Mr. Cabey also testified that a brown van used as a getaway vehicle often had engine trouble. On another night, parked near Salvatore Zottola’s home, he and a driver had to call Mr. Shelton and ask for a jump start.

One day in June 2018, Mr. Cabey stalked Sylvester Zottola through the streets of Pelham Bay, then walked toward him pointing a pistol, an episode that was partly captured on video.

“As I’m brandishing the firearm, I’m pulling the trigger and the trigger was just not firing,” Mr. Cabey testified.

Mr. Cabey fled as Mr. Zottola fired his own pistol back at him. When the police arrived, they arrested Mr. Zottola for criminal possession of a firearm. Mr. Cabey was arrested later that day by officers in Manhattan who saw him throwing away a gun but did not know about the incident in the Bronx.

In July, a man shot Salvatore Zottola as he emerged from a van he had parked outside his home, striking him in the chest, the back and the head.

“Didn’t hurt as bad as I thought it would,” he testified. “The first shot, when it hit me, it was more of just a push back to the van. When I got shot in the back, that hurt. Then when I got shot in the head, that was the last shot I remember.”

Still in jail after his arrest in June, Mr. Cabey saw a television news report on the shooting and recognized the neighborhood he had been staking out. Soon after that, he testified, he learned from a criminal associate who had helped introduce him to Mr. Shelton that he was to have received $25,000 for each murder he committed, while Mr. Shelton had promised him only $10,000.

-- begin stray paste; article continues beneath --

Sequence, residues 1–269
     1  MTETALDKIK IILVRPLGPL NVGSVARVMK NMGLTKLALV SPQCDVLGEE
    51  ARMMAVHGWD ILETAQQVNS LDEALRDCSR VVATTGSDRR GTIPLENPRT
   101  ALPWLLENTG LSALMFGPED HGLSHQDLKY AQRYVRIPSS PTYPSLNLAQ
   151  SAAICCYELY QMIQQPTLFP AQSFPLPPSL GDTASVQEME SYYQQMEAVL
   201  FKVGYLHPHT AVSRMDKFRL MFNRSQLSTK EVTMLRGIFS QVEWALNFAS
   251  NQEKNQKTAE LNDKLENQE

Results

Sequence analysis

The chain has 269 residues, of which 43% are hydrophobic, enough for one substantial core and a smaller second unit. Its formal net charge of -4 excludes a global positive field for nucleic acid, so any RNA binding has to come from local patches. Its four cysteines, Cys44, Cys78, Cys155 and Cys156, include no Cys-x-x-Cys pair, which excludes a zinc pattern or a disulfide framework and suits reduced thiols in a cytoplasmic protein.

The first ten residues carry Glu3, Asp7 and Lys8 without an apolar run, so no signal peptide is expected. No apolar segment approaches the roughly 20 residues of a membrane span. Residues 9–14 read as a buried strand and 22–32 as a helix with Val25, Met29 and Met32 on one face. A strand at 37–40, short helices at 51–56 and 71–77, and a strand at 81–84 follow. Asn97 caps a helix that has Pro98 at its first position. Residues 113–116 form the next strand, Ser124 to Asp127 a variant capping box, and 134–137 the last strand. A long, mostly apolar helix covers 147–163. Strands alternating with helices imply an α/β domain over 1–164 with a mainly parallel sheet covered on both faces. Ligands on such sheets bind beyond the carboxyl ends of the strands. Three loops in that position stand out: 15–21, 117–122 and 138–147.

By that time, Mr. Cabey said, Mr. Shelton had stopped communicating with him. And the television report made him realize that he was participating in a plot guaranteed to draw public attention. Within months, Mr. Cabey began cooperating with investigators and pleaded guilty to murder-for-hire.

That came too late to stop the death of Sylvester Zottola. He was on the phone with his girlfriend while waiting in the McDonald’s drive-through for a cup of coffee when, prosecutors said, Mr. Ross ran up and shot him.

Salvatore Zottola testified that after the shooting, he spoke on the phone with his brother: “He said that Margaret, my father’s girlfriend, was on the phone with my dad and she heard a bunch of bangs, and he never answered the phone again.”

According to text messages introduced as evidence, Mr. Ross wrote “Done” to Mr. Shelton four minutes after the shooting. Four minutes after that, Mr. Shelton sent a message to Anthony Zottola saying: “Can we party today or tomorrow.”

Anthony Zottola replied that it was his son’s birthday, adding that he was taking him to his favorite place — McDonald’s.

“Hey it’s like your birthday today as well lol,” replied Mr. Shelton.